“So, your name is Pen?” the merchant said smiling.
The fighters were still on their knees, and their apparent leader was starting to look uncomfortable.
“Um … Have a good fight, may it end well,” Pen blurted out, not knowing how to give a blessing.
“Out of the way.”
A new solider clad in fine maroon armor shoved past the one who had accused her of cheating. The royal crest of Kression held his cape closed at the shoulders.
She rushed towards the civilians and guards blocking them, aiming for Raisa.
“I need to get through, and she can come with me,” Pen told one of the guards, hoping he hadn’t noticed the royal messenger.
His orange beard and eyes were prominent under the bronze helm. He glanced and noticed the messenger then. Her heart sank.
“For the bloody love of Maniodes, let me through,” she demanded with vigor she didn’t feel.
“Make a path!” he shouted.
Several of the bystanders let up, but they kept shouting.
“Do it again!"
“Make your blood move!”
“Where were you all this time?”
The bearded man let Pen through, and she took Raisa’s outstretched hand.
“Come with me. Run when you can,” Raisa said.
Pen followed her lead as they surged through the crowd. Some of the guards helped them, but the royal soldier could be heard over the roar.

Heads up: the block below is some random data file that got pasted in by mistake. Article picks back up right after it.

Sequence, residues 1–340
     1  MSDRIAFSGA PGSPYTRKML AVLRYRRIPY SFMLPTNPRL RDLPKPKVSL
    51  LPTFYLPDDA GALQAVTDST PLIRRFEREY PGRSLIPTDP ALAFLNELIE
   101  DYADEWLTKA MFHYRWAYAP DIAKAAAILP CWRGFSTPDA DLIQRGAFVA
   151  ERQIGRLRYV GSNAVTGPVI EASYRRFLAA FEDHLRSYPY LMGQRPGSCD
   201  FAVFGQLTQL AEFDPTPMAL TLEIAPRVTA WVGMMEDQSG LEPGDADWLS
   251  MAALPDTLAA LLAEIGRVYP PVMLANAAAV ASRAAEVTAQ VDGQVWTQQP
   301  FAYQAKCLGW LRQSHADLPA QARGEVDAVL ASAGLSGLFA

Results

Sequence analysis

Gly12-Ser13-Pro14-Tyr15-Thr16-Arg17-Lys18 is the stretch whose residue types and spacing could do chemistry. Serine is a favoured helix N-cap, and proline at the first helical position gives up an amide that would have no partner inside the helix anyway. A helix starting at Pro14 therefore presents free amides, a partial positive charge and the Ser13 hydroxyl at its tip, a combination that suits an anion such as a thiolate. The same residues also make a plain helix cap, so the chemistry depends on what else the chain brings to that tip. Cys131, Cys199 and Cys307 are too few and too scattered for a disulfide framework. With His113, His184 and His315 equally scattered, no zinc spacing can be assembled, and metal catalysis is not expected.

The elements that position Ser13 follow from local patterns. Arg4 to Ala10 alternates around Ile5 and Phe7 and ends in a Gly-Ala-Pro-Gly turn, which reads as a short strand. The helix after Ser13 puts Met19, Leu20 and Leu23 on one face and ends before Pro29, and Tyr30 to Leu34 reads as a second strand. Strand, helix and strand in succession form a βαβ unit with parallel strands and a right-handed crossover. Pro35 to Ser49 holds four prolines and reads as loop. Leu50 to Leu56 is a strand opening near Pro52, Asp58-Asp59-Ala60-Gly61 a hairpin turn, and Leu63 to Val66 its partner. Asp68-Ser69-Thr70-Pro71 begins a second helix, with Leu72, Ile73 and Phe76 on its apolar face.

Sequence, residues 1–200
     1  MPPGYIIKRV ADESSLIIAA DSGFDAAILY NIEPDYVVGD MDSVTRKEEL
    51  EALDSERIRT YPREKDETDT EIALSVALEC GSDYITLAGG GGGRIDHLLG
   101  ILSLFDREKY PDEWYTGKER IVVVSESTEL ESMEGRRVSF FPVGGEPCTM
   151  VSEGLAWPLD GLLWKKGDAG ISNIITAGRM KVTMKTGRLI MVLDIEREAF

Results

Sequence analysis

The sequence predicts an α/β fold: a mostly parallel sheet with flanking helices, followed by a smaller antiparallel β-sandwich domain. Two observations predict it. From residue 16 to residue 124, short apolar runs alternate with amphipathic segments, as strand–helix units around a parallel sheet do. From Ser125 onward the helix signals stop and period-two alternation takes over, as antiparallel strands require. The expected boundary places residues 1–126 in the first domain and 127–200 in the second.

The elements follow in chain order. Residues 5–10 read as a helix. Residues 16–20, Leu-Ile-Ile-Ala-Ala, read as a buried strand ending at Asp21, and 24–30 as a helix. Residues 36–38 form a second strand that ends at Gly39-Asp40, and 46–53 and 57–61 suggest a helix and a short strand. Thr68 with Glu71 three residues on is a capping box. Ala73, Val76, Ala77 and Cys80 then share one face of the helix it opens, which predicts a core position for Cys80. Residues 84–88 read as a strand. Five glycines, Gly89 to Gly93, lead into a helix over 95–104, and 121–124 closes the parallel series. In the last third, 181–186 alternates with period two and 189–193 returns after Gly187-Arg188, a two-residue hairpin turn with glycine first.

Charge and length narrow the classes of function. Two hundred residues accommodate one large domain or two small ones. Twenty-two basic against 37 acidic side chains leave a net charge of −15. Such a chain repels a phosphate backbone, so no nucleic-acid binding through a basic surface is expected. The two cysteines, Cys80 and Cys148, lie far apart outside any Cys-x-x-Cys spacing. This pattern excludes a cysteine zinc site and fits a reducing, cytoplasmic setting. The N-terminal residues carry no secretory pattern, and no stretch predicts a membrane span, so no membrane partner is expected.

Once there was an opening, Raisa took off towards the stone buildings that surrounded the amphitheater. Pen let go of her hand but followed close behind.
Thankfully, none of the civilians followed, only the royal soldier did.
“Halt in the name of the king!” he shouted after them.
“Just keep going,” Raisa encouraged.
“I know!” Pen replied annoyed.
They ran for several minutes, down twisting streets and alleys. Raisa eventually stopped at a rather decrepit part of Kression, and they both looked back. The soldier didn’t appear around the last corner, but Pen wasn’t reassured.
Raisa knocked rhythmically on a seemingly random door. After a moment, a small slit opened in the dark wood at eye level. Pen couldn’t see who was inside, but Raisa smiled.
“Open the door, please, Palamedes,” she said.
The window closed, and Pen heard a heavy lock slide back. The door opened, and Raisa held out an arm inviting Pen inside first.